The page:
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MIT claims to have found a “language universal” that ties all languages together.

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All languages, the authors say, self-organize in such a way that related concepts stay as close together as possible within a sentence, making it easier to piece together the overall meaning.

Language takes an astonishing variety of forms across the world—to such a huge extent that a long-standing debate rages around the question of whether all languages have even a single property in common. Well, there’s a new candidate for the elusive title of “language universal” according to a paper in this week’s issue of PNAS.

Language universals are a big deal because they shed light on heavy questions about human cognition. The most famous proponent of the idea of language universals is Noam Chomsky, who suggested a “universal grammar” that underlies all languages. Finding a property that occurs in every single language would suggest that some element of language is genetically predetermined and perhaps that there is specific brain architecture dedicated to language.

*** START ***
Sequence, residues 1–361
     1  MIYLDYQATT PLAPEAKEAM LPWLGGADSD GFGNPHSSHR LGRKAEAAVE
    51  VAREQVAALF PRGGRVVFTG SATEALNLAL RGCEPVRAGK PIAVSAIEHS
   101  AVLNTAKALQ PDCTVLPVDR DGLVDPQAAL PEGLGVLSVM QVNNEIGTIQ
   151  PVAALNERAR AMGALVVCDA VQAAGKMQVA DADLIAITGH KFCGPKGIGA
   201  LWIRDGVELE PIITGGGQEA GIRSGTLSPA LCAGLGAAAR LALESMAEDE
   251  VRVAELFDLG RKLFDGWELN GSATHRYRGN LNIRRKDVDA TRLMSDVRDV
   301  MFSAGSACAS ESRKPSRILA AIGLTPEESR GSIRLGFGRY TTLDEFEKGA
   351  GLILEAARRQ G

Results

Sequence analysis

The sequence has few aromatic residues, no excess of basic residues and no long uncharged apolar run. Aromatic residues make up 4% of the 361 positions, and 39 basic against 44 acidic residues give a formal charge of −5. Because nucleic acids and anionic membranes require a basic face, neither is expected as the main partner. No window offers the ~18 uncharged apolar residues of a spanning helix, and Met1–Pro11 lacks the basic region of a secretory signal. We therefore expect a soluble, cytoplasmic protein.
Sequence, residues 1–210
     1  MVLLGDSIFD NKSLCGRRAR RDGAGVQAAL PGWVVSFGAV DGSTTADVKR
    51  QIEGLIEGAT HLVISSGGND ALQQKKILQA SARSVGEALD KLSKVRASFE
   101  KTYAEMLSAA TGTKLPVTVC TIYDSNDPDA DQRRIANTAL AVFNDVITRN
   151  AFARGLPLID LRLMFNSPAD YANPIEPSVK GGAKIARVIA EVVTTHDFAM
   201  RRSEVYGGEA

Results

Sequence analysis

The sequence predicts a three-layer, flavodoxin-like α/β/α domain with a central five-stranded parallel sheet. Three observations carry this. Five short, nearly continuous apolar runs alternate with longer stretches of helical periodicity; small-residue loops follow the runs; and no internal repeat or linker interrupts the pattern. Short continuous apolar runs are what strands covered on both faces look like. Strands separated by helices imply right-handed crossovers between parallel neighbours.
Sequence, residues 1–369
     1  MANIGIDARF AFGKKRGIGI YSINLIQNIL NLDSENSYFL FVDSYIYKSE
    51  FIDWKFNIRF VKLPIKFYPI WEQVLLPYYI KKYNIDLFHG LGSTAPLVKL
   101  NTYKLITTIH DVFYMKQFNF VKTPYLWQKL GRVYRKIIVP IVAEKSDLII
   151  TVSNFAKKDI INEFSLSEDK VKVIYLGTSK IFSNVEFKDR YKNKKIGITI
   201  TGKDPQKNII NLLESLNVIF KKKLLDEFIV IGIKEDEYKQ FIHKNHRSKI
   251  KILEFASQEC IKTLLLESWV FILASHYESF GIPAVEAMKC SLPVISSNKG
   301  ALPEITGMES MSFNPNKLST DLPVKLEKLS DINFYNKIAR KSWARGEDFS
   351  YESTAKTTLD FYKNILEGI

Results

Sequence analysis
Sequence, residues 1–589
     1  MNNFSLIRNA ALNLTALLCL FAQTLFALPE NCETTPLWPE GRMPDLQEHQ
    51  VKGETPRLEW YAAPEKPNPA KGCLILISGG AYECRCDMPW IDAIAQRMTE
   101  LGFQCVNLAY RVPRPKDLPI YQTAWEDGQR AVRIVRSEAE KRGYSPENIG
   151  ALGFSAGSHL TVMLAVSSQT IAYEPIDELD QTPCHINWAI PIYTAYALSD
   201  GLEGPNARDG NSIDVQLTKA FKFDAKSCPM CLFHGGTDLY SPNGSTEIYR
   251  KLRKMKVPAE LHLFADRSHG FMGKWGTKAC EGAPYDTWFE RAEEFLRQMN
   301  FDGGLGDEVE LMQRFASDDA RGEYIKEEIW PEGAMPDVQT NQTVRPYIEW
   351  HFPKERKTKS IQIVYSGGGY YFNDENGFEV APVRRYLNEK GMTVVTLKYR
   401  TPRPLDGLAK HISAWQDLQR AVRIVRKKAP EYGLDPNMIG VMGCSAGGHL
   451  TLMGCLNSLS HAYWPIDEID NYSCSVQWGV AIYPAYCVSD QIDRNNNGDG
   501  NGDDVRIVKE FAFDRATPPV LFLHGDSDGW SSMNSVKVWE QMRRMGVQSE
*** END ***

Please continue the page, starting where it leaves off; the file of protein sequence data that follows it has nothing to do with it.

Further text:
However, other researchers argue that there are vanishingly few candidates for a true language universal. They say that there is enormous diversity at every possible level of linguistic structure from the sentence right down to the individual sounds we make with our mouths (that’s without including sign languages).

There are widespread tendencies across languages, they concede, but they argue that these patterns are just a signal that languages find common solutions to common problems. Without finding a true universal, it’s difficult to make the case that language is a specific cognitive package rather than a more general result of the remarkable capabilities of the human brain.

Top Reddit comment:

There was an early natural-language processing model (probably in the 1970s) which was called the Sausage Machine, because it broke sentences down into chunks of about six or seven words, as a way of simulating the problems that humans have with processing long-distance dependencies.

It didn't last very long, because all the other linguists found examples of sentences that humans could cope with, but which -- according to the Sausage Machine model -- shouldn't have been parseable. They then published their examples in papers with names like "Is the Sausage Machine a load of baloney?" and "Can the Sausage Machine cut the mustard?" And yes, those were really the titles.

Very interesting. I am also fascinated by the similarity of many words across languages

Word similarities make me think about what is universal to all humans. 

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